icon bookmark-bicon bookmarkicon cameraicon checkicon chevron downicon chevron lefticon chevron righticon chevron upicon closeicon v-compressicon downloadicon editicon v-expandicon fbicon fileicon filtericon flag ruicon full chevron downicon full chevron lefticon full chevron righticon full chevron upicon gpicon insicon mailicon moveicon-musicicon mutedicon nomutedicon okicon v-pauseicon v-playicon searchicon shareicon sign inicon sign upicon stepbackicon stepforicon swipe downicon tagicon tagsicon tgicon trashicon twicon vkicon yticon wticon fm

Caution! People with tattoos tend to be angrier – new study

Caution! People with tattoos tend to be angrier – new study
Staying away from tattooed people might be a good idea – there are high chances that they could be angry. According to a new study, inking one’s skin is actually linked to rage. Women have “significantly higher” anger problems than men in this respect, it appears.

The research, published in the Body Image Journal, discovered that people with tattoos have significantly higher levels of verbal aggression compared to non-tattooed participants. Those with body art also showed a higher range of anger and reactive rebelliousness.

The research, led by Professor Viren Swami of Anglia Ruskin University, on 181 women and 197 men between 20 and 58 years old, also revealed that women has “significantly higher” anger management problems than men.

“We found that tattooed adults had significantly higher reactive rebelliousness, but not proactive rebelliousness, compared with non-tattooed adults,” Swami said.

Out of those surveyed 25.7 percent had at least one tattoo. Out of over 350 people observed, subjects had on average 2.5 tattoos per person. Scientists found a correlation between the number of tattoos a person had and their levels of anger.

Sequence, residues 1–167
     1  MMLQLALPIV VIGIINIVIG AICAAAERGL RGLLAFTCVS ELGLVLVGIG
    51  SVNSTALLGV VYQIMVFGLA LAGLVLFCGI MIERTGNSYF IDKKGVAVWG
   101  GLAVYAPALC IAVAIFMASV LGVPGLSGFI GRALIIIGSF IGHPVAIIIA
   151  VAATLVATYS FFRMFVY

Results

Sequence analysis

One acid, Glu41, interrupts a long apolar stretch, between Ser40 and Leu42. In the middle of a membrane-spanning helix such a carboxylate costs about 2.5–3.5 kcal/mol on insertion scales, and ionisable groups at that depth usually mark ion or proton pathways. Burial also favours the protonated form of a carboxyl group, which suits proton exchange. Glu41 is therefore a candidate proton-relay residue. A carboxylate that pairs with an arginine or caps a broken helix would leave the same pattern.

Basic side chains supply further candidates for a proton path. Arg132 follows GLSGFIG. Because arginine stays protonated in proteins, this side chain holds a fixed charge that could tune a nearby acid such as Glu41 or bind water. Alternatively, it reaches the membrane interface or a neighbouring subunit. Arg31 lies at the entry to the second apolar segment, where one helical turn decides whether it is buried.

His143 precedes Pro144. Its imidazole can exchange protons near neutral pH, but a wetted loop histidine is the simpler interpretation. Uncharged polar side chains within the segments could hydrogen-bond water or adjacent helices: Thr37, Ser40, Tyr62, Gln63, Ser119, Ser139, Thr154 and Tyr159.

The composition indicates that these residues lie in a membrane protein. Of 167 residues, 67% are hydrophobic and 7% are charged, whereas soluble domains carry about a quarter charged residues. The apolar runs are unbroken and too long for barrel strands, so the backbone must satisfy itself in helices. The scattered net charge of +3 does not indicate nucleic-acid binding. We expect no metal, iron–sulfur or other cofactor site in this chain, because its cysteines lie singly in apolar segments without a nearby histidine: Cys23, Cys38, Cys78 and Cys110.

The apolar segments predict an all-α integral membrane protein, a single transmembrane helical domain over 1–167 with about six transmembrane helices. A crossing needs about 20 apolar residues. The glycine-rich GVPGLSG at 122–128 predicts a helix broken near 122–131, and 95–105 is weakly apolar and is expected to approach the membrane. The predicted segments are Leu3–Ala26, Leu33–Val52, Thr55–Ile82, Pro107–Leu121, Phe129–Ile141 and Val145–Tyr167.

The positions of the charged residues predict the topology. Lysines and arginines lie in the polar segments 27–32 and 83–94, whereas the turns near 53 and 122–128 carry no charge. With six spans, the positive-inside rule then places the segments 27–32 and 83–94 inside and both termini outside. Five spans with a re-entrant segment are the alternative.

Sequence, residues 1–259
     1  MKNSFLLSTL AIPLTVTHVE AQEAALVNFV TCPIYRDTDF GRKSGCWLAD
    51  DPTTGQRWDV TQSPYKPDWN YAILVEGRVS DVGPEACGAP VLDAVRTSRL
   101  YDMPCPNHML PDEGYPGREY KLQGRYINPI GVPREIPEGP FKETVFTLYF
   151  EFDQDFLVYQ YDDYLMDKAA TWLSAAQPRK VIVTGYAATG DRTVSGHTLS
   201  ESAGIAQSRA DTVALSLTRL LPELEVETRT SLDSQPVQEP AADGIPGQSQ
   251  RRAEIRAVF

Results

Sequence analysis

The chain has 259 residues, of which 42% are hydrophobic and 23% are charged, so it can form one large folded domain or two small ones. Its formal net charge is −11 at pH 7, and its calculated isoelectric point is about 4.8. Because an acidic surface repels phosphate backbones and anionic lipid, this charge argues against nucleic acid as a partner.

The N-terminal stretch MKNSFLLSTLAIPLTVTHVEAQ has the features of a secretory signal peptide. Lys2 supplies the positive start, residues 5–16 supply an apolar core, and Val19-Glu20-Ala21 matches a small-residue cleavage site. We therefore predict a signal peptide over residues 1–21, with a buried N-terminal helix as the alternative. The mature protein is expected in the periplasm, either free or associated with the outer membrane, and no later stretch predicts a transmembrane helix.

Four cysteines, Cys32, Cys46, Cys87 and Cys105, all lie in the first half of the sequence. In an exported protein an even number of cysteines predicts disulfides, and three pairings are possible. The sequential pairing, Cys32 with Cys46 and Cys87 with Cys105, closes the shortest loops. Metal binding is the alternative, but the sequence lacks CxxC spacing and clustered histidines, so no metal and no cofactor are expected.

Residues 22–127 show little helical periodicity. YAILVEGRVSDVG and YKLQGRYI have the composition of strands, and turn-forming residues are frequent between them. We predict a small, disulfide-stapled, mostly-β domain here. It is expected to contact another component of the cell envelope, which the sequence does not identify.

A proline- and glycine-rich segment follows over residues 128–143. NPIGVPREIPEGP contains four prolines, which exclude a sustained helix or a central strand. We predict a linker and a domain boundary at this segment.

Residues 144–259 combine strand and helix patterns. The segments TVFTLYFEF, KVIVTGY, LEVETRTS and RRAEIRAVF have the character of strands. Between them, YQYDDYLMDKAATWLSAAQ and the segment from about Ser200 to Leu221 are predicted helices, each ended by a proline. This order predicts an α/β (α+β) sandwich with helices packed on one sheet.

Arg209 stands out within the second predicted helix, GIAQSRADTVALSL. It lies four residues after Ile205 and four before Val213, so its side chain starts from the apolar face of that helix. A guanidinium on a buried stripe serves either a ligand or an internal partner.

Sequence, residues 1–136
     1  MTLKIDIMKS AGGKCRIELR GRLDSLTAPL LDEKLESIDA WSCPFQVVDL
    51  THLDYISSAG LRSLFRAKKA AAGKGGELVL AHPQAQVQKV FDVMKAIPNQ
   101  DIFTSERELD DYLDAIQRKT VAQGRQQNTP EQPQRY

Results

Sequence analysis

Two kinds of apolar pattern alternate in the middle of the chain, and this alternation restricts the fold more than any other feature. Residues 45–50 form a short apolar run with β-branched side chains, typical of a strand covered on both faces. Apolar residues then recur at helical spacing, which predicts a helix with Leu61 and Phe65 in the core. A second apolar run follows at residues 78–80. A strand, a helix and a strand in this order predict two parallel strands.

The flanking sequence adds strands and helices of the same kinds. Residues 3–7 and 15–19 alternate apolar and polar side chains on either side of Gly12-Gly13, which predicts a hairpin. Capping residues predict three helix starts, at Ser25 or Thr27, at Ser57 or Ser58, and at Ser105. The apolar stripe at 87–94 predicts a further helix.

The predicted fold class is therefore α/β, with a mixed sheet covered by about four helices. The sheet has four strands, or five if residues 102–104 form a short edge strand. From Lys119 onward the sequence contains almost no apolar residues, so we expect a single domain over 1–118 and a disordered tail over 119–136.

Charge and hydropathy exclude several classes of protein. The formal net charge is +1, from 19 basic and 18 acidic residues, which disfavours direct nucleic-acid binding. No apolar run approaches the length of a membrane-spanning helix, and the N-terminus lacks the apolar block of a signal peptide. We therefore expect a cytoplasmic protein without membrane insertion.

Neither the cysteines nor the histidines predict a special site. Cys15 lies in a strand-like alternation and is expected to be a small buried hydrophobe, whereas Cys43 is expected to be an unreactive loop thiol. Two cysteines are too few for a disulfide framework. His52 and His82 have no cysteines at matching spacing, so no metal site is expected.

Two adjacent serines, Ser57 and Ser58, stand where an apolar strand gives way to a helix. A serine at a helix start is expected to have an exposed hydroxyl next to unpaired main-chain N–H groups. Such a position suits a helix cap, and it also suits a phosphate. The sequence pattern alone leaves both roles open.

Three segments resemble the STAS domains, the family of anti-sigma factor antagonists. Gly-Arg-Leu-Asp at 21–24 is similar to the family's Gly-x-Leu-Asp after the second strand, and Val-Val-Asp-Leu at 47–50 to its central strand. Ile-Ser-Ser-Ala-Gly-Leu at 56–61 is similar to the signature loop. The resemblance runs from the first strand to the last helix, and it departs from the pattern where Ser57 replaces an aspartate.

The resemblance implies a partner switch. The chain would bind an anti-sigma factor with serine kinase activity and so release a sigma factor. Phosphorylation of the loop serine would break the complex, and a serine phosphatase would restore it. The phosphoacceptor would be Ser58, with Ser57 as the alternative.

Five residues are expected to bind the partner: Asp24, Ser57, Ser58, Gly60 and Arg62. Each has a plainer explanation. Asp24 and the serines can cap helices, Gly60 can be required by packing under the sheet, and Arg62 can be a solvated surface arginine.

“One explanation is that people who have higher reactive rebelliousness may respond to disappointing and frustrating events by getting tattooed,” Swami said.

To rate an individual's rebelliousness, the subjects were asked questions regarding how they would react to certain life scenarios. One such question, which measured “proactive rebelliousness,” asked:

"If you are asked particularly not to do something, do you feel an urge to do it?"

The results showed no real discrepancies in levels of “proactive rebelliousness” but when questioned about possibly being scolded by an authority figure, tattoo folks showed “reactive rebelliousness” claiming that they would “get angry and argue back.”

Scientists believe that getting tattoo is an act of defiance and emotional rebellion against individual's negative emotional event experience.

“On the other hand, there were no significant differences between tattooed and non-tattooed adults in proactive rebelliousness.

It is possible that this form of rebelliousness, which is hedonistic and goal-driven, is at odds with the pain and permanence of tattoos,” Swami noted.